It’s not that they don’t have skill or talent. It’s that their skill has been put on display in the best possible conditions for them to look good. (They would argue that they rose to this spot just like everyone else. Sure, they take advantage today. But they got to that point with nothing but hard work and rising through the amateur, college, and mini-tour ranks. Fair enough.)

It’s that the game they play is similar, but completely different from the game I play with my friends. It’s set up for them to look good.

What’s my point?

A lot of times we go to a conference, camp, retreat, or a convention and we see a tour pro on their best day, in the best conditions, absolutely NAIL a talk. And we walk away thinking… “Why do I even bother?!? I’ll never be that good. Why not just buy that dude’s DVDs and play them at my church each week?

But before you get upset or lament realize this: The talk you’ve just heard has likely been delivered dozens of times. It’s been critically reviewed by an inner circle. It’s been refined, they know when to drop what line, they know how to adapt it to your setting. They have only booked themselves at events they know they’ll play well to. The lighting, sound, and environmental conditions are tailored to their strengths and weaknesses. A professional band set them up. Someone else introduced them. At best, their talk has 1-2 calculated moments of risk.

It’s not that they are better than you. It’s that given the conditions their talents are amplified and you’re able to see them at their absolute best.

In the end… the act of speaking at a conference is similar to what you do on a week-to-week basis, but completely different at the same time. They are only thinking about that talk. They didn’t drive the van to the retreat. They don’t have to give a new talk each week. On and on. It’s completely different from what you or I do on a week-to-week basis in our ministry.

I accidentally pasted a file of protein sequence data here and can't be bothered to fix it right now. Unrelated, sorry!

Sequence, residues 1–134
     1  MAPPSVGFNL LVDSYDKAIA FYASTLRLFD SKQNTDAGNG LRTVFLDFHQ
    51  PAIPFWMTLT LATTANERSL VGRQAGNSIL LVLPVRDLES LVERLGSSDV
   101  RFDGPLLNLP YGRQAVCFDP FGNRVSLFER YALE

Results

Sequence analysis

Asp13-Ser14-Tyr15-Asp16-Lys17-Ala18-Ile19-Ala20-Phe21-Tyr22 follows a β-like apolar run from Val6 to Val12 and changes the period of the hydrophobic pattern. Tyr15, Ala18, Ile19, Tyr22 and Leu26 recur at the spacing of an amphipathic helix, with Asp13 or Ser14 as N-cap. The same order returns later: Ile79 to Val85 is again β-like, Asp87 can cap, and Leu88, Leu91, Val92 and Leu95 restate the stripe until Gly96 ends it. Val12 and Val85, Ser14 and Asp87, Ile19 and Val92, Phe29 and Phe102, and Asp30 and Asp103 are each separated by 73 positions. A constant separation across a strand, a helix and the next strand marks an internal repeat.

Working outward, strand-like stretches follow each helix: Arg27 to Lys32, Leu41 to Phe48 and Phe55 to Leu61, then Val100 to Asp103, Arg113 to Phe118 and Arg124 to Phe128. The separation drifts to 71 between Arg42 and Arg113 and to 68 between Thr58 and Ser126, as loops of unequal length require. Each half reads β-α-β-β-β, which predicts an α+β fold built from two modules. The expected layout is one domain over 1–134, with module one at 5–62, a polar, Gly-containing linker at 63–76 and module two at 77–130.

Here’s the fun part: Just like in the movie– you could tell that the tour pros got a kick out of the caddy hitting the big shot on the big stage. There’s a little glimmer in their eye when you take a big risk. They kind of wish they could do it, too. 

hmm... thoughts

Dealing with discouragement

Last Sunday, I wrote about some of the discouragement I was feeling. Anxiety. Self-doubt. Questioning my abilities. Questioning decisions I’ve made. Paths I’ve chosen. I wish I could say that was just a moment of self-doubt and second-guessing. And I wish I could look back on that 7 days later and laugh.

But I can’t. It seems I’m passing through a little season of discouragement.

And it sucks.

It is completely antithetical to reality. My head knows it but my heart doesn’t seem to care.

As I look out my window right now, the Eastern sky is about to burst with the morning. With the blue sky to later burn through the morning mist– I’m reminded that discouragement comes from Satan.

Discouragement is Satan’s ministry to me. He wants to distract me and destroy me. He wants to get a foothold. He’d love nothing more than for me to give up.

3 Ways I’m Dealing with this Season of Discouragement